After waiting 10 years, Friedman Memorial Airport officials seem to have lost interest in the $1 million Transponder Landing System (TLS) that was to have sharply reduced the number of flights diverted because of seasonal low visibility at the field.
The TLS has been installed at Friedman, but it has not been certified by the Federal Aviation Administration.
Now, some interest is shifting to a Localizer Directional Aid (LDA), described as having more universal application for more pilots, no special training and no special on-board aircraft equipment.
The FAA's Northwest Mountain Region flight procedures manager, Terry Parnell, made a special trip from Seattle to a recent Friedman Memorial Airport Authority meeting to discuss various navigation aids that Friedman could install.
He pointed out that the TLS operation requires a commercial sponsor to hire an operator on the ground to communicate with user aircraft and assign a transponder radio code for making an approach during inclement weather. Parnell confirmed he had heard reports that the FAA does not want control-tower personnel operating the system.
Such a principal sponsor presumably would be one of Friedman's two commercial carriers, SkyWest Airlines and Horizon Air. One question not discussed was whether a TLS sponsor would allow access by other pilots to the system at no charge.
As for the LDA, Parnell said virtually all aircraft—including small general airplanes—have a standard on-board instrument that could access an LDA system.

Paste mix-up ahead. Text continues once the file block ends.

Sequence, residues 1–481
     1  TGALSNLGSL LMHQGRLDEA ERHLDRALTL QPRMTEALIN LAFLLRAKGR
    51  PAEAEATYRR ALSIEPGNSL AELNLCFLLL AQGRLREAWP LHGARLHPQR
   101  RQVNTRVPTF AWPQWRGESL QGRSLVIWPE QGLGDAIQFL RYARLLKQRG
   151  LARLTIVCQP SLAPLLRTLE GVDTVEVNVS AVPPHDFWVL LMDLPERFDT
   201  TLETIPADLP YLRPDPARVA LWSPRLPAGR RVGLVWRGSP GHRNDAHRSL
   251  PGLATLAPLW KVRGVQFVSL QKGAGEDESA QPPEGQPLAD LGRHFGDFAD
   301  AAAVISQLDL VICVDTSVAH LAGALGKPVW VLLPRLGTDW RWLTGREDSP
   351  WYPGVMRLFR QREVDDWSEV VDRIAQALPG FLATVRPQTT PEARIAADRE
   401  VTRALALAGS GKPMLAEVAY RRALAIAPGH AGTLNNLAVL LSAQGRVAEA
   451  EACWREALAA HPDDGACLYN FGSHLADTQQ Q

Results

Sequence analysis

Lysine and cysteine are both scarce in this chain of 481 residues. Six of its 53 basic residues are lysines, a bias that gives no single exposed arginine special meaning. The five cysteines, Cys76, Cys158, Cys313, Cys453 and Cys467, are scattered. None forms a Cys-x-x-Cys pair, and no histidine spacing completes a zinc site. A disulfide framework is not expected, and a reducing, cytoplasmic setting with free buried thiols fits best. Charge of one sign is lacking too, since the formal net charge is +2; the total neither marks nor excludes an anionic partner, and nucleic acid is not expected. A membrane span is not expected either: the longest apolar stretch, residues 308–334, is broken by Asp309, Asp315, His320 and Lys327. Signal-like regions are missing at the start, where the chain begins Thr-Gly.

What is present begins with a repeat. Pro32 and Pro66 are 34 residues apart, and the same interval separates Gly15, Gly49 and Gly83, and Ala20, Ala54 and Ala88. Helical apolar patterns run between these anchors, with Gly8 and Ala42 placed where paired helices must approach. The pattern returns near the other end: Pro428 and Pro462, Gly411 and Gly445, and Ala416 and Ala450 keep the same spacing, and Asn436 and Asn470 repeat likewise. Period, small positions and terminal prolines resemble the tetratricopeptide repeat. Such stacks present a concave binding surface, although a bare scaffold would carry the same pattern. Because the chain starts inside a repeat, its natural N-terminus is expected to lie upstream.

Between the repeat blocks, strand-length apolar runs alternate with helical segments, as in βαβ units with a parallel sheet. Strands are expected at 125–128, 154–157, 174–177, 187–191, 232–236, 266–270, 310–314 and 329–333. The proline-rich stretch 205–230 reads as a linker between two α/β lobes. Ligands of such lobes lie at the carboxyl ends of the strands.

Technically, the LDA is what could be described as the inexpensive half of an expensive, electronically advanced ILS (Instrument Landing System) used at large airports. LDA provides signals for a vertical needle on an aircraft's instrument that a pilot keeps centered during a landing approach to stay aligned to the runway.
However, LDA does not provide altitude information during an approach. Pilots would continue to use their altimeters to track their descent to Friedman, Parnell explained.
An LDA installation, which Parnell said the FAA would fund and maintain, would allow pilots to descend to as low as 6,300 feet above sea level or 983 feet above Friedman's 5,317-foot altitude in poor visibility.
However, Airport Manager Rick Baird said he preferred approach minimums no lower than 1,000 feet.
Baird said his concern is "missed approaches" at Friedman—that is, if an aircraft breaks off its landing approach in poor weather and climbs out of the mountainous area around Friedman, does it have the power and maneuverability to either circle inside the terrain "box" or climb out.
Parnell said the LDA system could be installed by August 2006.
But he declined to recommend any system over another.
The Airport Authority is mulling over whether to abandon TLS and give the go-ahead to the FAA to install LDA.
The major impediment to an LDA system, however, might prove to be the ground hardware. As Parnell describes it, LDA is an array of ground antennae that broadcast over an area 2,000 feet long by about 400 feet wide.
Signals are bounced off the ground, Parnell said, to reach inbound aircraft. But the area south of Friedman—the Eccles farm property—would require an easement from the owner and an agreement that farm equipment would be moved during LDA operations to avoid interrupting transmissions.
During discussions of navigational aids, one of the airport board's most ardent critics, Ketchum real estate executive Dick Fenton, appealed for the authority to hear from the manufacturer of the TLS system, Advanced Navigation and Position Corporation, of Hood River, Ore.
Fenton said that ANPC had stuck with Friedman for 10 years trying to activate a TLS system and the board owed it to the company to hear its arguments.